In the early 90s a friend gave me four paperback volumes of “The Book of the New Sun”. He’d said that he’d never heard of this guy, but he’d made three unsuccessful attempts to start the books and had finally “pushed through” and was impressed by their originality and craftsmanship. When I got to the third volume, my wife remarked that I sure was “spending a lot of time on those books. What are they about?” I told her that I had no idea. “Then why are you reading them?”
“I have to find out how it ends!”
I didn’t know yet that Gene Wolfe stories have no ending. Nor a beginning or middle.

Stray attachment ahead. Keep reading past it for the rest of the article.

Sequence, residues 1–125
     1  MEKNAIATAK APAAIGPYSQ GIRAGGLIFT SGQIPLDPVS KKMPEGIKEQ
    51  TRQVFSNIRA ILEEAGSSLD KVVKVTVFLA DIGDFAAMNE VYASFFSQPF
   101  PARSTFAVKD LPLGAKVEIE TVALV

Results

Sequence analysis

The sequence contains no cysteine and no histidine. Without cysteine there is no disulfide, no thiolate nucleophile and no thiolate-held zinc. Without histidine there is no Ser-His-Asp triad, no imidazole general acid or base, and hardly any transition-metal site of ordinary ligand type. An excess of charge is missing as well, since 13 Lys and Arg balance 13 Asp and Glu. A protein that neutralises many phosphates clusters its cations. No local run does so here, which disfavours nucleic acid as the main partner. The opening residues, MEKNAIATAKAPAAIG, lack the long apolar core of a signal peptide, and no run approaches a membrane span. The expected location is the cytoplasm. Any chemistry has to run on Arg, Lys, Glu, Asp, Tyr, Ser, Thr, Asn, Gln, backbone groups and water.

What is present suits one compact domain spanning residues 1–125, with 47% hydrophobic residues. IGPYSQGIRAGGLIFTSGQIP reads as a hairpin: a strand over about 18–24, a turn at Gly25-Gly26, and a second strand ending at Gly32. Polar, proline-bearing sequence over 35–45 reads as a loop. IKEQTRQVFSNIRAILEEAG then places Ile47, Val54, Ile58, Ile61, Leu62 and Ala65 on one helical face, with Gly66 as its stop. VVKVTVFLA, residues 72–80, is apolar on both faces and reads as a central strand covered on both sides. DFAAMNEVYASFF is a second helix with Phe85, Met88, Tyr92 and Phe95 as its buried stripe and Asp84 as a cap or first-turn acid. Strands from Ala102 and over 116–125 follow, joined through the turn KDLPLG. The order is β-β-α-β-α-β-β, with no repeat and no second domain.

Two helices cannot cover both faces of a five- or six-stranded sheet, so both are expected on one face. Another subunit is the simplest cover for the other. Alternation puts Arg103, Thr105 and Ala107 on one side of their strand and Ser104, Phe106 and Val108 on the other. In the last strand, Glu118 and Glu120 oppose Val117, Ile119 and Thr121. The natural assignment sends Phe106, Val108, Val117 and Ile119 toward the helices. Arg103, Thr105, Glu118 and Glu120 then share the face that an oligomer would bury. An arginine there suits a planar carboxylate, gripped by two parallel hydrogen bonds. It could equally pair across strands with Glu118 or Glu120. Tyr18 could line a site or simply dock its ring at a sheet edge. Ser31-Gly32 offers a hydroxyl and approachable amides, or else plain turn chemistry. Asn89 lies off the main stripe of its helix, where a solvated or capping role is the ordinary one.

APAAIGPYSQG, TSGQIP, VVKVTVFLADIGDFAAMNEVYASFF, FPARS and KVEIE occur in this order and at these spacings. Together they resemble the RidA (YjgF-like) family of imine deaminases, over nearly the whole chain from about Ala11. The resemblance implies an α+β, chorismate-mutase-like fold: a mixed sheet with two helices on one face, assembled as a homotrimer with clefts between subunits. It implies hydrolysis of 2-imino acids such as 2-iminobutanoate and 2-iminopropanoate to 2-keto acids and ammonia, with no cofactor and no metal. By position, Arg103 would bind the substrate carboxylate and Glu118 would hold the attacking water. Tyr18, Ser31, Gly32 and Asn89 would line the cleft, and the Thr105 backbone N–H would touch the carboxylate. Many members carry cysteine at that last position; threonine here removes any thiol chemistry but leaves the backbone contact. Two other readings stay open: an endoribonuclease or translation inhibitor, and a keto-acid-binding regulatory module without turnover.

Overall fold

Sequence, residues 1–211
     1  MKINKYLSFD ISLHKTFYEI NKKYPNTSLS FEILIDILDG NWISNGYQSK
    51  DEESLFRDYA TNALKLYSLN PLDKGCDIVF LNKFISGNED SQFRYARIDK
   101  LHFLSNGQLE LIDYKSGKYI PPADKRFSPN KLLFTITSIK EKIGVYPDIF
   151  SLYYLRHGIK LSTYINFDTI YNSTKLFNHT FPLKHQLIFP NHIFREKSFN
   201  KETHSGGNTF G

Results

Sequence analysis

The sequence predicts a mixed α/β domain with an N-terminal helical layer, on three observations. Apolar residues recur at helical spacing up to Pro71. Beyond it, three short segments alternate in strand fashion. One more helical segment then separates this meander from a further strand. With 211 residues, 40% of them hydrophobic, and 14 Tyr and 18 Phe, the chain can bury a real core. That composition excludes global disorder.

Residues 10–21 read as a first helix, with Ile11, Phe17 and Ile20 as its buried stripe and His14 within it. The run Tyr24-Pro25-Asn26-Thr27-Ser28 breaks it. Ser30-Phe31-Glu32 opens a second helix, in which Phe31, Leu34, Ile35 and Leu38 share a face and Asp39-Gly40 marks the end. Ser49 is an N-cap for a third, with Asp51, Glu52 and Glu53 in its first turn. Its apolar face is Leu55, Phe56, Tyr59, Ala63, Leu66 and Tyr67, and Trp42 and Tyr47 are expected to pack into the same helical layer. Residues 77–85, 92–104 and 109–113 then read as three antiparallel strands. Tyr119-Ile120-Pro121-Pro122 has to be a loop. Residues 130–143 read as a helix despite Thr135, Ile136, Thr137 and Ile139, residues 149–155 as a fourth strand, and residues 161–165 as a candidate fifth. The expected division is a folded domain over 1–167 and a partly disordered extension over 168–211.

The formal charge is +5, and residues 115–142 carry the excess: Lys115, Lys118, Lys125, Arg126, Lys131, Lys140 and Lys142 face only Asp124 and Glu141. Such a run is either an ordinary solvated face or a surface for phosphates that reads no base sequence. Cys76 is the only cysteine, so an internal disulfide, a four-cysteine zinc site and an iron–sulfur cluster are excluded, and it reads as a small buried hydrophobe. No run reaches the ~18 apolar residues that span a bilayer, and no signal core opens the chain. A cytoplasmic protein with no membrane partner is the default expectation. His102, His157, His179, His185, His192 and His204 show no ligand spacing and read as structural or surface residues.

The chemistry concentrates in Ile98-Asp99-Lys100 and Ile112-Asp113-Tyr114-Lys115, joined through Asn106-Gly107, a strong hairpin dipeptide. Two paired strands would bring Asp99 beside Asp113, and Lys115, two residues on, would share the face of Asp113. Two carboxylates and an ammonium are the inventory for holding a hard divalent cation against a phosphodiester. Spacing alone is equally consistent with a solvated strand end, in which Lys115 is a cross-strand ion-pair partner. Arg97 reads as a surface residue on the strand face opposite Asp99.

It was disorienting to read an author who required from me a new way of reading a novel: To read it as people read the Bible or the poems of Blake or Cummings. It was as if an adult discovered a door in the house where he grew up that led to a new upstairs wing that he didn’t know about.
Some years later, I finally got around to reading “Peace”. I knew more by then. Half way through it, my wife asked, “Is it good?” “Oh, yes!” “What’s it about?”
“Well, that’s really the point of reading a Gene Wolfe story.”
Read the rest: Drip Drip Drip: On Gene Wolfe.